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system. Both formats are useful, and both may be represented by tables of data. Only the first, the solid line, may be represented by a continuous analytic function, and only the first has a derivative that is nonzero. (That is, d2F/dPZ equals zero if dF/dP is constant.) At this point, it is necessary to take a brief detour to discuss the heating value of the fossil fuels used in power generation plants. Fuel heating values for coal, oil, and gas are expressed in terms of Btu/lb, or joules per kilogram of fuel. The determination is made under standard, specified conditions using a bomb calorimeter. This is all to the good except that there are two standard determinations specified.

1. The higher heating value of the fuel (HHV) assumes that the water vapor in the combustion process products condenses and therefore includes the latent heat of vaporization in the products.

2. The lower heating value of the fuel (LHV) does not include this latent heat of vaporization.

The difference between the HHV and LHV for a fuel depends on the hydrogen content of the fuel. Coal fuels have a low hydrogen content with the result that the difference between the HHV and LHV for a fuel is fairly small. (A typical value of the difference for a bituminous coal would be of the order of 3%. The HHV might be 14,800 Btu/lb and the LHV 14,400 Btu/lb.) Gas and oil fuels have a much higher hydrogen content, with the result that the relative difference between the HHV and LHV is higher; typically in the order

of 10 and 6%, respectively. This gives rise to the possibility of some con- fusion when considering unit efficiencies and cycle energy balances. (A more detailed discussion is contained in the book by El-Wakil: Chapter 1, reference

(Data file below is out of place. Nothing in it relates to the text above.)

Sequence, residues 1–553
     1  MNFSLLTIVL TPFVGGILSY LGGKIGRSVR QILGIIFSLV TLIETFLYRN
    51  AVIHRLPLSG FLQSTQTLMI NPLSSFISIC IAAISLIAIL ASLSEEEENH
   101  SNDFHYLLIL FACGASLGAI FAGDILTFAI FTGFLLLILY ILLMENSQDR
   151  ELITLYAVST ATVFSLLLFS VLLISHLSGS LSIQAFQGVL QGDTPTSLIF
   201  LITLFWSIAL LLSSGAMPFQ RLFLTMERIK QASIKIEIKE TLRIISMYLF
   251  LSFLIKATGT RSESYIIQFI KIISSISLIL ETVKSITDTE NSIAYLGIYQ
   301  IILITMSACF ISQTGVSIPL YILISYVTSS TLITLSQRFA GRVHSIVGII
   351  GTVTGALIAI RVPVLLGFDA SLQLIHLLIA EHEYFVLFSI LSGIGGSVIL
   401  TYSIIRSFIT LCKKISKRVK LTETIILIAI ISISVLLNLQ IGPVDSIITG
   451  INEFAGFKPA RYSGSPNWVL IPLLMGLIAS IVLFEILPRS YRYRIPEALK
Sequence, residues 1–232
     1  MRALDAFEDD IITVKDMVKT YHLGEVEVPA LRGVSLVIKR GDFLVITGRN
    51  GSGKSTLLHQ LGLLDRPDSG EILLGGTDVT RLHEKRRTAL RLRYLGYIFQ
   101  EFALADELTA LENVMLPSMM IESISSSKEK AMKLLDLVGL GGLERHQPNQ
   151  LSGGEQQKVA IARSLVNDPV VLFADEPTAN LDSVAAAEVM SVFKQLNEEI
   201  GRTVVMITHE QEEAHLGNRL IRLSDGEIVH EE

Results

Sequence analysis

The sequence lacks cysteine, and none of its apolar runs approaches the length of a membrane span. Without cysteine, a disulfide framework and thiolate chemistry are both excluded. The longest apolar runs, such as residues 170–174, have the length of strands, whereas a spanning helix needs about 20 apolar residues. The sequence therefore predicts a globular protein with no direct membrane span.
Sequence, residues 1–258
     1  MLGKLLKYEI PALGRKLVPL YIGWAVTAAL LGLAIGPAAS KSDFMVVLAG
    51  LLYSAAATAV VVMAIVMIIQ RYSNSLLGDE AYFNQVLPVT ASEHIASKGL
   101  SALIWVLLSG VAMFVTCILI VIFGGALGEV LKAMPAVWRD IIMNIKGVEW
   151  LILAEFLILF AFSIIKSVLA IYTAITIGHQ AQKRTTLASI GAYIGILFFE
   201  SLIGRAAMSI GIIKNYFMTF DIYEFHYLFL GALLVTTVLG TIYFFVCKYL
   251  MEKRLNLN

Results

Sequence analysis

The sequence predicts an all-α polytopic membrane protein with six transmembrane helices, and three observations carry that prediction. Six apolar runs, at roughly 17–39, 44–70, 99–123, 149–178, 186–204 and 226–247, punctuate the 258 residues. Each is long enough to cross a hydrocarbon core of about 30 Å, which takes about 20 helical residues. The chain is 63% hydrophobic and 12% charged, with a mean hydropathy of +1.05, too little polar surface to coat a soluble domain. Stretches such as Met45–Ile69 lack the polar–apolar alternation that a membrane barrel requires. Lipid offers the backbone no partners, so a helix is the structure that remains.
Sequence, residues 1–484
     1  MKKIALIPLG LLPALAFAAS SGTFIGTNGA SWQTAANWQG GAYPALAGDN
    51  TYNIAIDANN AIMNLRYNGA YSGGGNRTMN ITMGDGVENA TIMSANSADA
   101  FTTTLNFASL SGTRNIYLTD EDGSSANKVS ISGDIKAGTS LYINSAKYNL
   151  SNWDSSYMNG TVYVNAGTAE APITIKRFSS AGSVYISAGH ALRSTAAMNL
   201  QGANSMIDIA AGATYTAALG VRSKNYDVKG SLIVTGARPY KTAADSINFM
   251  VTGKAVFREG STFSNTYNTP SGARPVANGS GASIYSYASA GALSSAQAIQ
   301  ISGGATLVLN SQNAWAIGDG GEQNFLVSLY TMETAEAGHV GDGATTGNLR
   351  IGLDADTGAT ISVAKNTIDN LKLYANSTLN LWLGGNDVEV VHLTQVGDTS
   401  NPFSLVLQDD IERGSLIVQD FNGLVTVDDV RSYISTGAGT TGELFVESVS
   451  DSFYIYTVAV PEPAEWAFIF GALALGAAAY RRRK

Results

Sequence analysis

A uniform standard must be adopted so that everyone uses the same heating value standard. In the USA, the standard is to use the HHV except that engineers and manufacturers that are dealing with combustion turbines (i.e., gas turbines) normally use LH Vs when quoting heat rates or eficiencies. In European practice, LHVs are used for all specifications of fuel consumption and unit efficiency. In this text, HHVs are used throughout the book to develop unit characteristics. Where combustion turbine data have been converted by the authors from LHVs to HHVs, a difference of 10% was normally used. When in doubt about which standard for the fuel heating value has been used to develop unit characteristics-ask!


A number of different steam unit characteristics exist. For large steam turbine generators the input-output characteristics shown in Figure 2.2 are not always as smooth as indicated there. Large steam turbine generators will have a number